Training in Calabash carving (Photo: Sanaa Gateja) A new calabash product (Photo: Sanaa Gateja)

Sanaa also brought in a Kenyan artist to train young men in calabash carving as an alternative to the ubiquitous cheap wooden gorilla carvings.

Training on improved honey production (Photo: Brian Mugisha)

Meanwhile, Brian Mugisha, owner of commercial company Golden Bees, was contracted to provide quality training to local beekeepers. He has been so inspired by the project that he has opened the Bwindi Honey Shop in Rubuguri – a village to the south of the park.

Positive reactions

Reactions to the improved products have been quick and positive. For example, from one tour operator: "I am contacting you having read the article in the Responsible Travel e-zine. Not only do we run trips to Bwindi but our head of admin here is a lifelong bee-keeper with 43 hives in Devon. I'd love to know more about your initiatives and how we can incorporate visits into our gorilla safaris." 

Another tour operator wrote: "I just wanted to share this lovely comment from a customer regarding our Uganda trip. 'Myself and a couple of others in the group chose to spend an afternoon learning to weave with the lovely women at the Ride 4 a Woman charity in Bwindi. I would highly recommend this. It was a very relaxing afternoon spent chatting to, and learning about, the locals.'"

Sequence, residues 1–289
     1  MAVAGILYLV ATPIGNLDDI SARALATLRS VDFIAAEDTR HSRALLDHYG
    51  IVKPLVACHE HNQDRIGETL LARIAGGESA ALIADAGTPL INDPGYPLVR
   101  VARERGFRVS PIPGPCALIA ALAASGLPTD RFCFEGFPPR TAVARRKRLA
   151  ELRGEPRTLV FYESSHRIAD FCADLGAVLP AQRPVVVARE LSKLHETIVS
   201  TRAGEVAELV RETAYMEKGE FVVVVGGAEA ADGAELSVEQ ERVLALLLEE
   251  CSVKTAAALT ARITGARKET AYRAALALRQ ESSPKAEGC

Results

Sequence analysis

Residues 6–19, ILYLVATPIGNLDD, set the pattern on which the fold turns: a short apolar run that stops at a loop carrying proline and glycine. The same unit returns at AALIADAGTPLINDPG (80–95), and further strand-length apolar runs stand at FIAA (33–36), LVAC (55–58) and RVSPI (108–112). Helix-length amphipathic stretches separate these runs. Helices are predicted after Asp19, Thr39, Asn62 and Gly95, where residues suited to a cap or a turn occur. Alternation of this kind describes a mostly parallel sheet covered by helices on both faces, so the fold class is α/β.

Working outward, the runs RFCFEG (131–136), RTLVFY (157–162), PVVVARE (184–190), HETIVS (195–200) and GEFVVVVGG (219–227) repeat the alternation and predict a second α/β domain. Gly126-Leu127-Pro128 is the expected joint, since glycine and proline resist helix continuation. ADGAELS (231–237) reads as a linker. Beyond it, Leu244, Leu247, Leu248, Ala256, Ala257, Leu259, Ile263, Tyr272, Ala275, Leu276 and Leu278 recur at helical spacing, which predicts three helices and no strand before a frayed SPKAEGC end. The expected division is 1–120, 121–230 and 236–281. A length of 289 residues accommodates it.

The local enterprises we are working with are also reporting much increased sales to tourists ("we have had to increase the price from $10 to $20 because demand is so high") and to local lodges ("a new lodge in Ruhija gave us an order to make laundry baskets, bin baskets and also serving baskets using the same design. He will allow us to sell our baskets from the lodge – but only for the new design baskets").

New baskets are in high demand from tourists (Photo: Peter Nizette)

New trails

As well as improving local products to sell to tourists and lodges, our team has been looking into developing new walking trails at the edges of the park. These new trails will provide a new activity for tourists, offering them the opportunity to learn more about the local environment, culture and village life.

Training was provided to more than 50 aspiring guides and six of them went on to work with the team to identify and map three new trails. We will start to promote these to tour operators over the next months.

What's next?

The training doesn't stop here. Over the next few months a horticulturalist will be working with market gardening enterprises in order to help them improve the quality and range of produce they grow – in line with expressed demand from the tourist lodges.

The International Gorilla Conservation Programme (IGCP) will be rolling out a new “Gorilla Friendly” ™ ecolabel

Our partner, the International Gorilla Conservation Programme (IGCP) will also be rolling out a new "Gorilla Friendly"™ ecolabel and training the enterprises on the criteria they will need to meet in order for their products and services to be awarded the label. 

All of the enterprises and producer groups with which we are working have had training in basic book-keeping so they can keep a monthly record of sales of the new and improved products. By the end of the project in 2019 we hope to be able to demonstrate the impact of the training on their sales, their income, and ultimately their livelihoods.

Our expectation is that as the people living around Bwindi Forest begin to see greater benefits from tourism, their attitude to the park and to conservation will also become more positive and they will value the gorillas and other wildlife as a natural asset to be protected, rather than a cost to be endured. 

Dilys Roe ([email protected]) is principal researcher and team leader (biodiversity) in IIED's Natural Resources research group.